Sex 0.554
 Male 16 (69.6) 9 (75) 7 (63.3)
 Female 7 (30.4) 3 (25) 4 (36.4)
Race 0.555
 Malay 11 (47.8) 7 (58.3) 4 (36.4)
 Chinese 10 (43.5) 4 (33.3) 6 (54.5)
 Indian 2 (8.7) 1 (8.3) 1 (9.1)
Source of referral 0.792
 Primary health clinic 10 (43.5) 6 (50) 4 (36.4)
 District hospital 2 (8.7) 1 (8.3) 1 (9.1)
 Tertiary hospital 4 (17.4) 2 (16.7) 2 (18.2)
 Private hospital 3 (13) 2 (16.7) 1 (9.1)
 Intradepartment 4 (17.4) 1 (8.3) 3 (27.3)
 Rectal bleed 18 (78.3) 9 (75) 9 (81.8) 0.692
 Abdominal pain 5 (21.7) 2 (16.7) 3 (27.3) 0.538
 Diarrhoea 4 (17.4) 3 (25) 1 (9.1) 0.315
 Constipation 9 (39.1) 4 (33.3) 5 (45.5) 0.552
 Loss of weight 14 (60.9) 9 (75) 5 (45.5) 0.147
 Loss of appetite 14 (60.9) 9 (75) 5 (45.5) 0.147
 Abdominal distension 1 (4.3) 1 (8.3) 0 (0) 0.328
 Abdominal mass 1 (4.3) 1 (8.3) 0 (0) 0.286
 Tenesmus 1 (4.3) 0 (0) 1 (9.1) 0.286
 CEA (ng/mL) 7.9 ± 12.4 7.78 ± 10.45 8.03 ± 14.85 0.991
 Diabetes 7 (30.4) 3 (25) 4 (36.4) 0.554
 Hypertension 11 (47.8) 5 (47.7) 6 (54.5) 0.537
 Cardiovascular disease 2 (8.7) 1 (8.3) 1 (9.1) 0.949
 Respiratory disease 3 (13) 1 (8.3) 2 (18.2) 0.484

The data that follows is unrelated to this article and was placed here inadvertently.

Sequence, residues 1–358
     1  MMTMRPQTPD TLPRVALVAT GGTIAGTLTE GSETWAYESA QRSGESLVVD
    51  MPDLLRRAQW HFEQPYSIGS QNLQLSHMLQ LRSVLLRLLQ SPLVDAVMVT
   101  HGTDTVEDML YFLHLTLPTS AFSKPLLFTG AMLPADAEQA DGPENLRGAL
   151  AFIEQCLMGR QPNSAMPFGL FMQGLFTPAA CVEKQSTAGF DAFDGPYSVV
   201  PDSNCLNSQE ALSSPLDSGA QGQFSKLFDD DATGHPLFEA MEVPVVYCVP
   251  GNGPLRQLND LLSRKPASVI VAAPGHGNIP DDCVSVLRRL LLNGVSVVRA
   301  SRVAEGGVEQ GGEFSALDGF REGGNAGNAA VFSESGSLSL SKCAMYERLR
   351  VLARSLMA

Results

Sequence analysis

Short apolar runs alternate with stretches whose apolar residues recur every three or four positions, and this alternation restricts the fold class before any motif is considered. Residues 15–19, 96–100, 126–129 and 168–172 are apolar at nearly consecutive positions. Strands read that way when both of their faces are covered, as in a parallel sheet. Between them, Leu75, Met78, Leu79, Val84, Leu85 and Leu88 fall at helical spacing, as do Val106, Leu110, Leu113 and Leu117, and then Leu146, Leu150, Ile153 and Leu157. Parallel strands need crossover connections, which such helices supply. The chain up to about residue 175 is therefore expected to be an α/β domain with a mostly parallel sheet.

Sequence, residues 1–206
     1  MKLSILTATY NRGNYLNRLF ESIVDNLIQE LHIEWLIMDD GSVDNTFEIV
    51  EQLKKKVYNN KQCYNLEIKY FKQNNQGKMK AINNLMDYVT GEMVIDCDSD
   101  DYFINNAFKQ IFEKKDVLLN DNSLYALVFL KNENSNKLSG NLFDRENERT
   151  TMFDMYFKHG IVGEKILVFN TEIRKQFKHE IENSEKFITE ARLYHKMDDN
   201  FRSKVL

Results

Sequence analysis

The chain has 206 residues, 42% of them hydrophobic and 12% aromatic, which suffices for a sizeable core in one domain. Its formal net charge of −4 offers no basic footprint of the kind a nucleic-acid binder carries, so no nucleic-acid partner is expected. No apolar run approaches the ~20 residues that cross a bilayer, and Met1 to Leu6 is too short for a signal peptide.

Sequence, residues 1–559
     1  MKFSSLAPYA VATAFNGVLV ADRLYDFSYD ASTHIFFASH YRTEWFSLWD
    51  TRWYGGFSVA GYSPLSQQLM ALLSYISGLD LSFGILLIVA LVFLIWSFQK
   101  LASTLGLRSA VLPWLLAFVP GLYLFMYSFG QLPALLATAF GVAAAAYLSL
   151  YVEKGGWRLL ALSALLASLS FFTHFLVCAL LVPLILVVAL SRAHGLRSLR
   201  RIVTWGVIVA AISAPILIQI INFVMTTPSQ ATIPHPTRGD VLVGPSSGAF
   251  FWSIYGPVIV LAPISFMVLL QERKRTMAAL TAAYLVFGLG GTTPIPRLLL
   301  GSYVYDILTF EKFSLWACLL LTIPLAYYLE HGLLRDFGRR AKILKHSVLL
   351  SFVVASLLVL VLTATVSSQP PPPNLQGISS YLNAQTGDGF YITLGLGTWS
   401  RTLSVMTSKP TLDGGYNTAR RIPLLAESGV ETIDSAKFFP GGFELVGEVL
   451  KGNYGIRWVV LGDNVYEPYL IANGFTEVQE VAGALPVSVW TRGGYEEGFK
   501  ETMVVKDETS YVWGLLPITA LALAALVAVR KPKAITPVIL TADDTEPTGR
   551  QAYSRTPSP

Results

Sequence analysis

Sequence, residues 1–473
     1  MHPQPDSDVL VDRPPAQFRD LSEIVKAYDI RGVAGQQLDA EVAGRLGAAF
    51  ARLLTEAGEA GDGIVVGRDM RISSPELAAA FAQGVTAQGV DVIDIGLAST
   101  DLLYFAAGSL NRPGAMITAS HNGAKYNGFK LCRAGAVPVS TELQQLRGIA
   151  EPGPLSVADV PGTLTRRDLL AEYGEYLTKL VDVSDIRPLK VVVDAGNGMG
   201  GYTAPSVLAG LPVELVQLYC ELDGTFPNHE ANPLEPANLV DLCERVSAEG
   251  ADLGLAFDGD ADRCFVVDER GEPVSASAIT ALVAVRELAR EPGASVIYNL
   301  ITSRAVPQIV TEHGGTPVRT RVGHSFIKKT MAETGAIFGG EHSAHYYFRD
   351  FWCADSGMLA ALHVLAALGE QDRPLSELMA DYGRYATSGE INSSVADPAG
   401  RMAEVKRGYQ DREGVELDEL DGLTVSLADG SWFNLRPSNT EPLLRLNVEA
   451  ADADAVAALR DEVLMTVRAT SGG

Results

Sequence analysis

Others 5 (21.7) 3 (25) 2 (18.2) 0.692
Smoking 5 (21.7) 4 (33.3) 1 (9.1) 0.159
Family history of colonic cancer 5 (21.7) 2 (16.7) 3 (27.3) 0.538

Values are presented as mean ± standard deviation or number (%).

OAR, open anterior resection; LAAR, laparoscopic-assisted anterior resection; CEA, carcinoembryonic antigen.

Table 2.
Comparison of surgery details of laparoscopic-assisted and open anterior resection
Variable Total (n = 23) OAR (n = 12) LAAR (n = 11) P-value
Time from first visit to surgery (day) 97.09 ± 154.84 77.83 ± 90.34 118.1 ± 205.98 0.195
Time of surgery (min) 138.35 ± 45.96 129.58 ± 51.38 147.91 ± 39.37 0.322
Primary surgeon
 Colorectal surgeon 20 (87) 11 (91.7) 9 (81.8)
 Colorectal trainee 3 (13) 1 (8.3) 2 (18.2)
No. of intraoperative assistants 2.2 ± 0.6 2.1 ± 0.6 2.2 ± 0.6